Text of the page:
This new musical with music by BB Cooper and book and lyrics by Chris Burgess has plenty of potential but needs stronger characterisations to make it even better.
This new musical comedy in its world premiere production directed by Marc Urquhart, is light hearted and as fluffy as the wings on Angel’s back – but with just a hint of sinister to keep the audiences hooked.
The story follows Angel and his desire to become human, after he falls from the sky and lands in Clapham. Audiences are taken on his journey as he rises to fame and we see how even the best of us are not immune to temptation.
It is always a risk when it comes to creating a brand new musical, but BB Cooper’s music is catchy with plenty of rhythm, particularly during ‘Join the Gang’ and ‘Watch Those Ratings Soar’. Sadly, the lyrics written by Chris Burgess don’t quite work and are weak in places, most noticeable in the ballads ‘Endless Fans and Endless Phonies’ and ‘Ruth’s Song’ – both have potential, but aren’t quite as heartfelt as expected.
However, it has to be said the production is successful in other ways. On entering the auditorium, the cartoonish nature of David Shields’s set will surprise and yet entertain the audience – reflecting the playful nature of the musical, while easily allowing scene changes to take place quickly and effectively.
There are some great comic performances to look out for as well. In particular, Katie Ann Dolling as Maddie who brings to mind another fine comedy actress Sheridan Smith – her mannerisms and outlook on life providing comedy, but when Nick tells her to get cosmetic surgery in order to succeed we see a more vulnerable side to her character – adding another layer to her performance.
Alex Green as Angel is wonderfully childlike and watching his character change and develop as he becomes disillusioned with fame has plenty to offer, while Gareth James as Nick brings to mind a Simon Cowell type character – with nastiness and greed being a constant theme in his performance, which comes through when he tells Angel that he will help him get his wings amputated – much to Angel’s horror.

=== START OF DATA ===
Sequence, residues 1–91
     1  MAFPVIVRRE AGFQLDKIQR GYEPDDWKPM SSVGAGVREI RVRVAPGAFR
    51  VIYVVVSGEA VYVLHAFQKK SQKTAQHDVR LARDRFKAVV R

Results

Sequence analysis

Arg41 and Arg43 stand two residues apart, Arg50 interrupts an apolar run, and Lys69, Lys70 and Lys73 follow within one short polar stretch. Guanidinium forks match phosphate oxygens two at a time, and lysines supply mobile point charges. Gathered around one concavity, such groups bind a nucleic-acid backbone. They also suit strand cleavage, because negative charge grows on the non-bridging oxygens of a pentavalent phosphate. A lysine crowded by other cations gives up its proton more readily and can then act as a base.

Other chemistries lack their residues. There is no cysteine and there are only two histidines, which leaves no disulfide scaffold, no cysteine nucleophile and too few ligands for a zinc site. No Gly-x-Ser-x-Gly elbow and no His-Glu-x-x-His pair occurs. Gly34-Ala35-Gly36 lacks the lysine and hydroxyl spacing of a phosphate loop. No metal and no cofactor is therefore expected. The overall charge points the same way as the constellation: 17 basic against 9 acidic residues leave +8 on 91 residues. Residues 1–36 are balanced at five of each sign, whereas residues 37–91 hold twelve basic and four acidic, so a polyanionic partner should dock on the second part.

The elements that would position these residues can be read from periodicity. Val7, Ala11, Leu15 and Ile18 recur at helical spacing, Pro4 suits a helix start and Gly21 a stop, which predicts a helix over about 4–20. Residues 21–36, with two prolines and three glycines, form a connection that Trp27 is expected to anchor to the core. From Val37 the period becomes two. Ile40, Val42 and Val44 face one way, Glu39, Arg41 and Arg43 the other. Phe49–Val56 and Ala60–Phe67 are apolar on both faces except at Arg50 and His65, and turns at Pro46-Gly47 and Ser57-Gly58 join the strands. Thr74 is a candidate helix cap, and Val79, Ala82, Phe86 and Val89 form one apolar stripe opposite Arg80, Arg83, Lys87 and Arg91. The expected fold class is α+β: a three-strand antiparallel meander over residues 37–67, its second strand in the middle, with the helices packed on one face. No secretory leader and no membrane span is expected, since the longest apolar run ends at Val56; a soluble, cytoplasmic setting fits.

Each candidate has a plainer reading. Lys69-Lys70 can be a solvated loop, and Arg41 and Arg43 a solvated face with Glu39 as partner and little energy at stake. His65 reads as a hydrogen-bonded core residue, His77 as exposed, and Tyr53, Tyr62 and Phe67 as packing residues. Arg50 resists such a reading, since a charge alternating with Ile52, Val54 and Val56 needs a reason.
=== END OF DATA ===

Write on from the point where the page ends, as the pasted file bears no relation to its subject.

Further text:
Devilish pokes fun at the attitude we have to fame and obsession with money, dealing with it in a light hearted way, but has a way of transforming it into a piece that gets us thinking about the issues, leaving us asking what the true cost of fame is?
The trouble is that the musical feels like a half-formed idea, with still room for characters and plot to be developed even further, despite the enthusiasm and energy put into the show by all of the cast and creative team. Part of this is down to the strength of the lyrics and also the show not allowing the cast to develop their characters for the audience that will gradually draw them into the plot – everything seems to have been crammed in.
Despite this, there is still plenty of potential in terms of the ideas and of course the cast. With more time to work on the concept, Devilish could become more polished and completed musical.
Devilish plays at the Landor Theatre until the 29th May. For more information and to book tickets visit: http://www.landortheatre.co.uk/product/devilish/.